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My normal development platform for PHP is Linux. I use a Red hat server for my website, my company uses red hat and Fedora for production, and I have Ubuntu at home. I couldn't be happier. Unfortunately, I'm now required to spend a good deal of time working in PHP in Windows using WAMP.

I say this is unfortunate because I am continually finding things which Linux supports which Windows does not. Last year, it actually delayed a project when we realized that WAMP used an earlier version of PHP (this has been fixed by the port of 5.3 to Windows). Today, I just learned that checkdnsrr is not ported to Windows, and the entire pcntl library is unavailable.

So, my questions is this: Is there anywhere which tells me the current differences between Windows and Linux regarding PHP?

I'm not looking for idiosyncrasies, such as those found in the comments here (though those would be nice), but rather which functions will not be available under Windows which are available under Linux.

----------------------- EDIT -------------------------

There have been two comments/statments which say thatcheckdnsrr exists in 5.3 under Windows. Technically, this is correct. PHP will not say that the function does not exist. I don't know if this is the case with all installs or just WAMP, but while yes, it may say that it works, the function does not work as it does in Linux.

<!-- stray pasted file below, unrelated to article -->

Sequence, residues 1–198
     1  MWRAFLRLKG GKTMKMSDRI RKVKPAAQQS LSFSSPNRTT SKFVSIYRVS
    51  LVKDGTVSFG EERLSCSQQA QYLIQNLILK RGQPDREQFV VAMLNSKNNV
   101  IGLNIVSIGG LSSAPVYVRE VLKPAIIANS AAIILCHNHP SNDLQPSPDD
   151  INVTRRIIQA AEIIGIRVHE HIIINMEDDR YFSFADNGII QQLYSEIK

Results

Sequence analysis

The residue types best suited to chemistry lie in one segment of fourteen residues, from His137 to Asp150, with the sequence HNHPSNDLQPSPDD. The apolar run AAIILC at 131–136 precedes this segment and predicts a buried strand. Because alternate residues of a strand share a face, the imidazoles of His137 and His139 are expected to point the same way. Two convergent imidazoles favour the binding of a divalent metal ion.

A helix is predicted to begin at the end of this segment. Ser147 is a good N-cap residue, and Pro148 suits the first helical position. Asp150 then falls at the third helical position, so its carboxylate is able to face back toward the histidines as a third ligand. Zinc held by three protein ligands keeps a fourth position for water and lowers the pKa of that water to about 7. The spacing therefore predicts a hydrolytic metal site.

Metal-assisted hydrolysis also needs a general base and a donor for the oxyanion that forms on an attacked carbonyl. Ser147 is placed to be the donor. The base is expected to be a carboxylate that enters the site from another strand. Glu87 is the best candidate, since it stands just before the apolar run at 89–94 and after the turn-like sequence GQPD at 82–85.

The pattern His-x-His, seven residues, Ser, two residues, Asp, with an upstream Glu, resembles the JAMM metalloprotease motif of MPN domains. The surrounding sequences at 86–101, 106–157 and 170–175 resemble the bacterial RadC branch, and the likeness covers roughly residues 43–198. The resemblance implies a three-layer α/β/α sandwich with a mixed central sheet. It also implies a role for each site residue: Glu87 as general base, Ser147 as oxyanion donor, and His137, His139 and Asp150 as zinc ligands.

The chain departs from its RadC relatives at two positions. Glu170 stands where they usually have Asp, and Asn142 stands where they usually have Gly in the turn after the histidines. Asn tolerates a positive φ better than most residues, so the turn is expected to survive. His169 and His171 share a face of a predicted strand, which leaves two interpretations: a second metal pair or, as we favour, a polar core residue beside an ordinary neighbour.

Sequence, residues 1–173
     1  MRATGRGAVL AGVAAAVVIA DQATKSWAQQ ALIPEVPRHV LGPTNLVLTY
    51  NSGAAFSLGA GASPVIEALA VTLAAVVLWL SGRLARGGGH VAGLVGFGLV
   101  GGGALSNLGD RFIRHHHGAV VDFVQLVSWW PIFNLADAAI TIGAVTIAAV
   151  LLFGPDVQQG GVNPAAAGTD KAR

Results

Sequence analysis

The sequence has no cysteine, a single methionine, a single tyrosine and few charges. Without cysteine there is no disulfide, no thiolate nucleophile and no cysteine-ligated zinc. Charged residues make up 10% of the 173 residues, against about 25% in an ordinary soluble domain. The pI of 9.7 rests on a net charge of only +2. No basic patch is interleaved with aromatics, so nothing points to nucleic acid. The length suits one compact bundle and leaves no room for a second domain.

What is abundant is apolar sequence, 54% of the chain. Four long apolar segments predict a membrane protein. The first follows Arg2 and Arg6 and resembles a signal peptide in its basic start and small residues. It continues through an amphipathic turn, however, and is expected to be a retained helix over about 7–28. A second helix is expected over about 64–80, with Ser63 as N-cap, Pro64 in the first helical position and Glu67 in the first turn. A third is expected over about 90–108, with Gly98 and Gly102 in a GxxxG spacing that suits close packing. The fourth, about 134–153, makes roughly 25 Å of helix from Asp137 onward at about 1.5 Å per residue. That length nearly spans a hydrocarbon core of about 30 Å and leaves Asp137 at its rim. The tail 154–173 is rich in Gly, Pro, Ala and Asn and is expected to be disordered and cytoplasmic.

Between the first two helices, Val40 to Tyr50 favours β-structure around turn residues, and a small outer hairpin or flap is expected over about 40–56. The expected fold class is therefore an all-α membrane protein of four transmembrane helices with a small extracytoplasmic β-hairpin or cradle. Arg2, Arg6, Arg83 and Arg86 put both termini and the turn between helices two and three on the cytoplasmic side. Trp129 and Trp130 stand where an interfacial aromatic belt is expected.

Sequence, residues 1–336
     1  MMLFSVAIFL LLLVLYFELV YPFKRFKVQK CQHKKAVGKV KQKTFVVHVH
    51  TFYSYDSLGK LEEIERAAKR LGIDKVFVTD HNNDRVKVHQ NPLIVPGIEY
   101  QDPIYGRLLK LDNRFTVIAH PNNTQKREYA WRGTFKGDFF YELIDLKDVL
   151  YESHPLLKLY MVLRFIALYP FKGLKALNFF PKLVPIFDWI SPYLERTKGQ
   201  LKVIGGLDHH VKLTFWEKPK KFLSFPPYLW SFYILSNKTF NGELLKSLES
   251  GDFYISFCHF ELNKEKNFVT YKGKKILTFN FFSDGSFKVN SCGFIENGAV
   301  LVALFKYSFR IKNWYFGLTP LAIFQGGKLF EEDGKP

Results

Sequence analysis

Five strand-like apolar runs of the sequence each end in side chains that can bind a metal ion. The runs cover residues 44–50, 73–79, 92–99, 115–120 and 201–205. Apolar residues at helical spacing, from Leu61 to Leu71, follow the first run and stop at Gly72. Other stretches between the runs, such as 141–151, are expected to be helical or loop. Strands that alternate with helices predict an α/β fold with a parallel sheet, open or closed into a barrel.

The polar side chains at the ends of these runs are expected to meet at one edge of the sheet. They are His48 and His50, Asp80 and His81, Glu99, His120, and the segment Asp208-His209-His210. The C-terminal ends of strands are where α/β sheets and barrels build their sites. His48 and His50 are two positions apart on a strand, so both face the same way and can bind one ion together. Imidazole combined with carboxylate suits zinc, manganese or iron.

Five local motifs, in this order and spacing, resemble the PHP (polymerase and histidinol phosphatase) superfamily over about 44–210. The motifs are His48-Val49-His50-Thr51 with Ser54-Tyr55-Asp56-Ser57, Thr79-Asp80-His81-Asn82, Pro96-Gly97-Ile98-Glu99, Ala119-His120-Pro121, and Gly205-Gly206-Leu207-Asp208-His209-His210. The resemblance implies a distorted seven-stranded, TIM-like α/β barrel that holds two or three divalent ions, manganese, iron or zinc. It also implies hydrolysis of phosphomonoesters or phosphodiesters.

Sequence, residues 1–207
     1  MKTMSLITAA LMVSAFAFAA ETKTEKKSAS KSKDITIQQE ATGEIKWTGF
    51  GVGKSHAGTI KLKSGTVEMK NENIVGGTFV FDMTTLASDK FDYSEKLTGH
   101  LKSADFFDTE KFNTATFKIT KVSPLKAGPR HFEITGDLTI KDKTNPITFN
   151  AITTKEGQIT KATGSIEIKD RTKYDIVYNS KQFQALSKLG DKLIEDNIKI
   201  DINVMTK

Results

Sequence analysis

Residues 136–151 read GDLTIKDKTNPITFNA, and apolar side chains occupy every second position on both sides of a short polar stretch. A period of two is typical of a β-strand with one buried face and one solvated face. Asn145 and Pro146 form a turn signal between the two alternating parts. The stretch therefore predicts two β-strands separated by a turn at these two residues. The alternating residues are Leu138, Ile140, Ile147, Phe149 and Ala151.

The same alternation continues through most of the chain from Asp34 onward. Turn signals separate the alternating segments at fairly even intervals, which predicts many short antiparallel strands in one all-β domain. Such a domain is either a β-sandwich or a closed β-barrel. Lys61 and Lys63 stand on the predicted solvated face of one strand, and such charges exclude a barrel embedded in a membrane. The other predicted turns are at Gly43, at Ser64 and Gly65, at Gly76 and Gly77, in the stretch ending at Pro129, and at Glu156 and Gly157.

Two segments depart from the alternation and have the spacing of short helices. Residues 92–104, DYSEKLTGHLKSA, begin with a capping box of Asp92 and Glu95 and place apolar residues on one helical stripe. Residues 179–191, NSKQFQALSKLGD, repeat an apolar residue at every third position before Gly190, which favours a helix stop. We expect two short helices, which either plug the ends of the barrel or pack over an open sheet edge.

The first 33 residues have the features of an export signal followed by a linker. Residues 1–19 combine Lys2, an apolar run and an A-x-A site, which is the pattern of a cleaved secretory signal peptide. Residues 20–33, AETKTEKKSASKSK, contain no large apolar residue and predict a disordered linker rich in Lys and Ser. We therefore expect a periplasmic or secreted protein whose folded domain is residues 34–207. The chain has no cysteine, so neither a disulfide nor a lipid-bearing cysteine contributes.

--------------------- UPDATE ----------------------

It does not look like there is a good answer possible to this question, but I have found a workaround thanks to one of the suggestions below:

Place this on the production environment. REMEMBER TO FORCE SOME FORM OF SECURITY ON THIS.

 <?php print_r( get_defined_functions() ); ?>

Then run this on the dev environment. it will output all of the functions which are exclusive to the local environment.

$root = file_get_contents( "<path to server>/available.php" );
$root = preg_replace( "/\[[0-9]{1,4}\]\s=>\s/", ( '' ), $root );
$tmp  = '"internal" => array';
$root = explode( "\n", substr( $root, strpos( $root, $tmp ) + strlen( $tmp ) + 1 ) );
array_shift( $root );
array_shift( $root );
$internal = get_defined_functions();
$internal = $internal[ "internal" ];

function trim_array( array $root )
    $nroot = array();
    foreach( $root as $key=>$value )
          $value = trim( $value );
          if( !preg_match( "/^[a-zA-Z_]*[aeiouy]+[a-zA-Z0-9_]*$/", $value ) && 
              !preg_match( "/^[a-zA-Z_]*(md5|crc|n12|str|sqrt|ch[a-z]?r|dl|tnt|ftp|png)[a-zA-Z_]*$/", $value ) )
                //echo "\n $key ";
             $nroot[] = $value;

    return $nroot;

$root     = trim_array( $root );
$internal = trim_array( $internal );

$diff = array_values( array_diff( $root, $internal ) );
foreach( $diff as $key => $fname )
      if( in_array( $fname, $root ) )
            echo "[$key] => $fname <= foreign server only";
            echo "[$key] => $fname <= local";      
      echo "\n";
share|improve this question
(sidenote) checkdnsrr is available on Windows as of PHP5.3 –  Gordon Jan 28 '10 at 23:24

3 Answers 3

up vote 2 down vote accepted